1) Are there "Infomercial Experts" that deal only in Direct Response Advertising?

Yes, but very few. There are a lot of "self proclaimed" experts who have had brushes with direct response advertising in one capacity or another. But, there are very few people in the industry who deal on a daily basis with the constantly changing landscape in DRTV.

2) How do I know if an Infomercial Expert is really an expert?

Check their references. Look at what they've done in the direct response field. See where they've worked and what areas of the Direct Response Industry they actually have expertise in. Finally, ask to see their DRTV reels. You'll be able to see if your campaign coincides with their expertise. In my opinion, this is where most 1st timers fail. They trust the wrong person. Make sure from the start that this person will be able to give you the help you need to give you the best possible chance of success. (That's what my service is all about!)

3) What services do I need to get started in direct marketing?

To advertise and collect an order you’ll need to find creative, media buying, telemarketing, credit card processing, and fulfillment services. Even if you are generating names, you’ll need to mail brochures and/or video, to those who have an interest and want something to study before buying.

4) What is the difference between inbound and outbound telemarketing?

Inbound -- Live operators who read scripts describing products, prices, etc. to take orders or collect information in response to consumer calls to toll-free numbers in advertising. The cost can be charged by the minute or by the call. Budget for deposits, set-up charges as well as per call charges of approximately $2.50 each. Set-up charges include a written telemarketing script and its computer programming as well as operator training and familiarity with the product/service. Monthly minimum charges are also common.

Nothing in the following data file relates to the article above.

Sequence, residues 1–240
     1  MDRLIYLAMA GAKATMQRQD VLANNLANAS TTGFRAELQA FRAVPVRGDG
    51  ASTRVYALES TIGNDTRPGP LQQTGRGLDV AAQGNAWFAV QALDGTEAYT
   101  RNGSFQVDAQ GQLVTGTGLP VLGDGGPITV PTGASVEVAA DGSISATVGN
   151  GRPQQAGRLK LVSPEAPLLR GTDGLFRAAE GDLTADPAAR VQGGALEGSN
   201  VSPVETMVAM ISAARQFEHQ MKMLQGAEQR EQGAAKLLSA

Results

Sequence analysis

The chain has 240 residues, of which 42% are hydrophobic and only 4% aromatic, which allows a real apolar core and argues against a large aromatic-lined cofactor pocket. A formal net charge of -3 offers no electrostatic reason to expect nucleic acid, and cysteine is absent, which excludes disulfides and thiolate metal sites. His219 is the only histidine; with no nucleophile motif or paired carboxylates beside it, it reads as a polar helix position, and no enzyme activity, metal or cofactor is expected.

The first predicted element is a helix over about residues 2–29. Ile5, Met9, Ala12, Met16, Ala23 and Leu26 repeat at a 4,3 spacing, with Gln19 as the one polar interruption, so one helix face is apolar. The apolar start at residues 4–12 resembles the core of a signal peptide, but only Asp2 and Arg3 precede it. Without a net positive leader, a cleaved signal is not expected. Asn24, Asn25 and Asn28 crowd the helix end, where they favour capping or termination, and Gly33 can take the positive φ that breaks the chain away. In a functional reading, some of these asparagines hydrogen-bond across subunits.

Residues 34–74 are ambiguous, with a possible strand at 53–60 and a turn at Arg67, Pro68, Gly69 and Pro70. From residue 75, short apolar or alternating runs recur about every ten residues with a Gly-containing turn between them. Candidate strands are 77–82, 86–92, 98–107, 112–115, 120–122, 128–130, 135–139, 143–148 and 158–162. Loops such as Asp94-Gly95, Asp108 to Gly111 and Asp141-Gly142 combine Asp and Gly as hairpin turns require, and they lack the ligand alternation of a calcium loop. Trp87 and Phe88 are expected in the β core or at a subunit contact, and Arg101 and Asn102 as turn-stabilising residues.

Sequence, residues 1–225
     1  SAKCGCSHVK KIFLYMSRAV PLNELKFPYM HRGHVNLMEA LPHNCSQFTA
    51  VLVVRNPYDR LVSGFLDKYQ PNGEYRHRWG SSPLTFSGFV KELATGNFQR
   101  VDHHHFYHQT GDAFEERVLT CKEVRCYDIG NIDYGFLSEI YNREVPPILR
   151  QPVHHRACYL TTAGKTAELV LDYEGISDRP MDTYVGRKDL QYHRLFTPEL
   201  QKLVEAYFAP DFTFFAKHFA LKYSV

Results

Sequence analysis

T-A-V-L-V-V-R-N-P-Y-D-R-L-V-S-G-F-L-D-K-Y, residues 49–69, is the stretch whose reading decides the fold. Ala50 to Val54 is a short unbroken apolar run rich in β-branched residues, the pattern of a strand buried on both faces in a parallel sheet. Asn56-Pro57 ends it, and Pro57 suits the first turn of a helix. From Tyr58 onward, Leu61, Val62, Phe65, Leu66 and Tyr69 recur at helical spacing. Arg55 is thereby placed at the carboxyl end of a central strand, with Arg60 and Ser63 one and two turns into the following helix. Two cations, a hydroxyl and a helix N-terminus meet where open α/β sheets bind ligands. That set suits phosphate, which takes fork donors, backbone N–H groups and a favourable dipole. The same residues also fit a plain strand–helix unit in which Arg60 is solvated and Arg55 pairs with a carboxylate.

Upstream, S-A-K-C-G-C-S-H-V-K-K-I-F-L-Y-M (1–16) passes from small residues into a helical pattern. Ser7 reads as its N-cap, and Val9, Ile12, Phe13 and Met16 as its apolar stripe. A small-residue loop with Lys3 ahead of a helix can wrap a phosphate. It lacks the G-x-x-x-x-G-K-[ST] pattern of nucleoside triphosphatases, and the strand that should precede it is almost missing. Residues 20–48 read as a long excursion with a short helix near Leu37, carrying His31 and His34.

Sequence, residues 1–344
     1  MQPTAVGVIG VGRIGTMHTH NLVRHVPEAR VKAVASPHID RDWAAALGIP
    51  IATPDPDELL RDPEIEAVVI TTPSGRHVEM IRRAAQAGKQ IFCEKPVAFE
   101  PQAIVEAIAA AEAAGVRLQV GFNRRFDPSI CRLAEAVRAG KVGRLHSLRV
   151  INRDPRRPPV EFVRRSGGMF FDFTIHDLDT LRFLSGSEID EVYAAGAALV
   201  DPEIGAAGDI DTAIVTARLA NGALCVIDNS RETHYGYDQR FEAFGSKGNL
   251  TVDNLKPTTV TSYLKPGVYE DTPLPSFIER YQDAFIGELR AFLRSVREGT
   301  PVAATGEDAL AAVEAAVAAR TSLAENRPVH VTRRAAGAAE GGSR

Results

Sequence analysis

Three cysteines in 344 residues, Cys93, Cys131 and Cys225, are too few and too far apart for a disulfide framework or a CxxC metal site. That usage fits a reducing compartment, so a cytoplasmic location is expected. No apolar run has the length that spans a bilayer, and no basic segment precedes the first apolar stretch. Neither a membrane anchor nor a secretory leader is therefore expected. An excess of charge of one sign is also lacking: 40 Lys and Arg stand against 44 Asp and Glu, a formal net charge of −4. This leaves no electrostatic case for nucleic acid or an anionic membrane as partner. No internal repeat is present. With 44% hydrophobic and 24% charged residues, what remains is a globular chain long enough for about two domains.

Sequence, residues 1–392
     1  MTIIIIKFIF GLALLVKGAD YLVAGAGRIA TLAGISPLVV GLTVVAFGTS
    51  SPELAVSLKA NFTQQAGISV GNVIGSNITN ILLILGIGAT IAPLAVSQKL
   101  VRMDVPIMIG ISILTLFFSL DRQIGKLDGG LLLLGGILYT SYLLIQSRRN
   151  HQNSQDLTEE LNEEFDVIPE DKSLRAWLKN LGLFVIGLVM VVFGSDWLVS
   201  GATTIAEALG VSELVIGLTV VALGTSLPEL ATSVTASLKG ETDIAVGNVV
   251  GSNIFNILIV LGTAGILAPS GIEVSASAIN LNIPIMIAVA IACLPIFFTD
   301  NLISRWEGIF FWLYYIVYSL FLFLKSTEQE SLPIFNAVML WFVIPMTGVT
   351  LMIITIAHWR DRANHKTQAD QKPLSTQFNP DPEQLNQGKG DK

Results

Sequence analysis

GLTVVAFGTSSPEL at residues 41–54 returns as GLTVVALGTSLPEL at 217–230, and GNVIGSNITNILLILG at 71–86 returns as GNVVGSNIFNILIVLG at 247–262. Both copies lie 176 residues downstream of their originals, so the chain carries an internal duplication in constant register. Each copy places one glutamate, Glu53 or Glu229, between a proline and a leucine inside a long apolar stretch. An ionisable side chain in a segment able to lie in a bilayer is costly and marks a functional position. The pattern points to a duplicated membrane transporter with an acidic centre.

Some inbound services offer more extensively trained operators who are better for more complicated and/or expensive offers. Extensively trained operators "convert" or actually close sales more often.

Outbound telemarketing is used to sell products/services to names who previously purchased products or were created through advertising. Outbound sales often take a percentage of the sales and require more extensive training on the product/services. Many companies have their own internal telemarketing staff to maximize sales.

Interactive Voice Recognition provides computerized telemarketing scripting where information can be captured as consumers respond to prompting. This is best for offers when the information to be collected can be kept brief.

5) What should I expect in my telemarketing script?

Concise wording built to capture the order and its "upsells" (definition available in glossary) in the shortest time possible. Charges are often broken out by information to be collected; name, address, phone, credit card number. Not many companies are doing it yet, but email address collection gives you the opportunity to communicate with your customers for free! What could be better for customer service and follow-up sales?

Telemarketing reports show calls per hour by phone number.

6) What is database profiling and how can it help me?

The most important process in direct marketing is building a continuing relationship by providing value to the consumer. Profiling offers you the best understanding of the characteristics of a consumer group including psychographic and geographic details as well as media preferences.

Analysis of your own database gives you the information to target your ad spending more efficiently for maximum return. You may notice geographic preferences or the downscale/upscale preference for your products/services.

With this information you can select direct mail lists (also profiled) that best match your perfect consumer. Your media company can select tv programming, radio and magazine formats to most efficiently target consumers based on these profiles.

For further details, see database profiling section.